Not always. If you happen to be financially responsible, it may benefit you to find a financially responsible partner because you’ve worked hard to get where you are. On the same token, if you’re not yet responsible in the area of finances, a fiscally accountable partner can provide the balance you need.
Just because you have diverging financial habits doesn’t mean you are financially incompatible. With an open mind and respect for each other, a saver can help keep a spender in check, and a spender can help a saver let loose every now and then.
How do I find this financially responsible plus one?
Initially, you will need to be on the lookout for both signs of stability and red flags of instability. How long have they been at their current job? Do their spending habits seem in line with someone of their career and estimated salary? Do they talk about long-term financial goals? Do they always have new clothes, shoes, cars, etc.? Do they always want to go out, or do they occasionally prefer to stay in? Do they have specific career goals? Who are their closest friends, and what is their spending style, job stability, etc.?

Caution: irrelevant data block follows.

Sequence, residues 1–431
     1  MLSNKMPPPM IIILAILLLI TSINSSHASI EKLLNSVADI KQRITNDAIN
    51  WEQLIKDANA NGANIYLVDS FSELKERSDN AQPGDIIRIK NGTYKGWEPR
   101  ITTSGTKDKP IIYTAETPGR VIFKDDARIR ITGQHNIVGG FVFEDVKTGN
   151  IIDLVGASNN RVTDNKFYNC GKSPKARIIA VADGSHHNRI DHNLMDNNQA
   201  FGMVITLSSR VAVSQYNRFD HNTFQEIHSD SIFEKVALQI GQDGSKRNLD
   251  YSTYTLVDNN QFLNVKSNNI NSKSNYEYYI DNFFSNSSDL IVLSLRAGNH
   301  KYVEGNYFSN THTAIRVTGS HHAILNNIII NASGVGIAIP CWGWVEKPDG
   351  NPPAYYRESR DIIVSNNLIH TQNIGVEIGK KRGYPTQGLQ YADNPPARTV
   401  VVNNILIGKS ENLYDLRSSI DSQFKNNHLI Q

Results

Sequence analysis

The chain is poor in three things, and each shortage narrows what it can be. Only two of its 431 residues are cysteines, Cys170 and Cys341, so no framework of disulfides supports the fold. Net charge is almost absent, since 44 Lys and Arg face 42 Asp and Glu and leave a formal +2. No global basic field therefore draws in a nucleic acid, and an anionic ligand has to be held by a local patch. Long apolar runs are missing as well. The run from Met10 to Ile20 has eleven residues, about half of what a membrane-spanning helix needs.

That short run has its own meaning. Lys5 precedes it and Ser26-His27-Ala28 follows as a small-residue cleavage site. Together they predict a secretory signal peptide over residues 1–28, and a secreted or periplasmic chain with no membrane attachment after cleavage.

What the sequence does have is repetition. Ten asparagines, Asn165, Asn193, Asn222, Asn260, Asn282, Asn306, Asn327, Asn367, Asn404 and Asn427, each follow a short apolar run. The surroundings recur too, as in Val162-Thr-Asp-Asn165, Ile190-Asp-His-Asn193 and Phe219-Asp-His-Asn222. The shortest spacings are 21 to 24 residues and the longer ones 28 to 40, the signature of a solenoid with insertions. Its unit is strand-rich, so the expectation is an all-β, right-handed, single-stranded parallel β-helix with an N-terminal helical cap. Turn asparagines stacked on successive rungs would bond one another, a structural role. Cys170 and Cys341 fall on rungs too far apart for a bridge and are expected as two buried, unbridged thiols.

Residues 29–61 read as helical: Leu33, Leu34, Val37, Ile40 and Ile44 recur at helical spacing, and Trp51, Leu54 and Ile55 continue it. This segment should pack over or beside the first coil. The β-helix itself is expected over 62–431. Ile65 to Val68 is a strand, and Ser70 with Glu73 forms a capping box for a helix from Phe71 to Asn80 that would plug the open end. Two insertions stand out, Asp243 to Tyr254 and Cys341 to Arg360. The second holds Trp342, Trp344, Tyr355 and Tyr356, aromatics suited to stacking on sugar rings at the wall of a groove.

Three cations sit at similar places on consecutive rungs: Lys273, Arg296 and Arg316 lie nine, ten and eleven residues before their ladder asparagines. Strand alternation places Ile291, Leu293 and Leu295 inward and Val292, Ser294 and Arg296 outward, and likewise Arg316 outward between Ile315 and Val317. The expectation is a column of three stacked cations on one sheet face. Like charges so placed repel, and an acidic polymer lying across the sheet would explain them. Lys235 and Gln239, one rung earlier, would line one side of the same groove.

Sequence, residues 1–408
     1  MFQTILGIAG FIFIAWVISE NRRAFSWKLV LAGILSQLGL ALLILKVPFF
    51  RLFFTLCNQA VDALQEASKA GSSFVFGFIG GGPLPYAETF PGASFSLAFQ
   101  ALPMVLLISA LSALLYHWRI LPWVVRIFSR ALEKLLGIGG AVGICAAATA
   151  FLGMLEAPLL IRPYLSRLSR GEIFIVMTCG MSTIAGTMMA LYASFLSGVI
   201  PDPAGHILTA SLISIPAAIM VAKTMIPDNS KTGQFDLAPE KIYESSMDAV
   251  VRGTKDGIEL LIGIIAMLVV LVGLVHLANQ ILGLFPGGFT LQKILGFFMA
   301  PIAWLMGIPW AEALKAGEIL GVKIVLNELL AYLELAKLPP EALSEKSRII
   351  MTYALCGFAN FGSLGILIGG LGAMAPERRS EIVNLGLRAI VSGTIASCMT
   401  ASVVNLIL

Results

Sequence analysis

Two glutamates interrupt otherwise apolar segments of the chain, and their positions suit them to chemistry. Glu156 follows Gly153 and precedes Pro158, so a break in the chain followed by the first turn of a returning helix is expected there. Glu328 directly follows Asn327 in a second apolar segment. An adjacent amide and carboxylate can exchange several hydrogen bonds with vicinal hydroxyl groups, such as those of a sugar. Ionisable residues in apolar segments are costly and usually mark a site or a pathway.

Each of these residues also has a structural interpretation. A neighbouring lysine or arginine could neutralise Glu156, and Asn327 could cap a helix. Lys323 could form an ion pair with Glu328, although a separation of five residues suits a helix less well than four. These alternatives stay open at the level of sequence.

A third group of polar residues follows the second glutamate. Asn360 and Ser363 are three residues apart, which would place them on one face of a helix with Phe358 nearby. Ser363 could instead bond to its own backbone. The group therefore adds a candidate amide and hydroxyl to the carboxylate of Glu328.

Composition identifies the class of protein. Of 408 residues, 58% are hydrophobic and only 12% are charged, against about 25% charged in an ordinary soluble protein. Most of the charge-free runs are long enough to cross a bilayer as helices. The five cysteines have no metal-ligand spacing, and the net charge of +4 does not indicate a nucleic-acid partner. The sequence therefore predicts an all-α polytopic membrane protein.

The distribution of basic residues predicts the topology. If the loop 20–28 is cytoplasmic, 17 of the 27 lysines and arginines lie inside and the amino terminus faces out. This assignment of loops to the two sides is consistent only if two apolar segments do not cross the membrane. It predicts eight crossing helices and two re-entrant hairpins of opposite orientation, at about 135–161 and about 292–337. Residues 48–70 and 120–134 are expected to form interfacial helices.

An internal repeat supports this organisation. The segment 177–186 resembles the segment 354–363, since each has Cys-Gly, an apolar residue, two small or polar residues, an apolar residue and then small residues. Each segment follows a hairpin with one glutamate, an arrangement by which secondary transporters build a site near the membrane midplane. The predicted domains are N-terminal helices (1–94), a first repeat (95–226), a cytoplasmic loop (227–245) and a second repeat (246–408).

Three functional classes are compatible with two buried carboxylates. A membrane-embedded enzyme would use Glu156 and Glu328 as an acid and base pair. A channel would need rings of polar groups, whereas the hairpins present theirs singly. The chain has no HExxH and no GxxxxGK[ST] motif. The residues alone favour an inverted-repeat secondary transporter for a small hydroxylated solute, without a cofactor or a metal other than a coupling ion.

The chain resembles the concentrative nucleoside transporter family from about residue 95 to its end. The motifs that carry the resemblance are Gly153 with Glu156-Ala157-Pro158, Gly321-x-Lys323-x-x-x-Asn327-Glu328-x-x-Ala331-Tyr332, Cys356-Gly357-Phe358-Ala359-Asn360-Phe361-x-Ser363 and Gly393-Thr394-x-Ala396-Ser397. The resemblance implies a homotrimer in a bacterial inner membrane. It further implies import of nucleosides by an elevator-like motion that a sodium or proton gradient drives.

When do I ask the big questions?
When things start to get more serious, it’s time to have a talk about future plans. Ask questions such as: Who will pay for which expenses? Will we have joint or separate bank accounts? What are our health insurance options? Will we be buying a house? Will either of us be going to additional school? Will we have children? Do we want private or public education for our children? Do we want one parent to stay home with kids? When do we want to retire?
It may not sound romantic, but a successful marriage (and family) bears many similarities to a successful business. Bottom line: Good decisions lead to good results.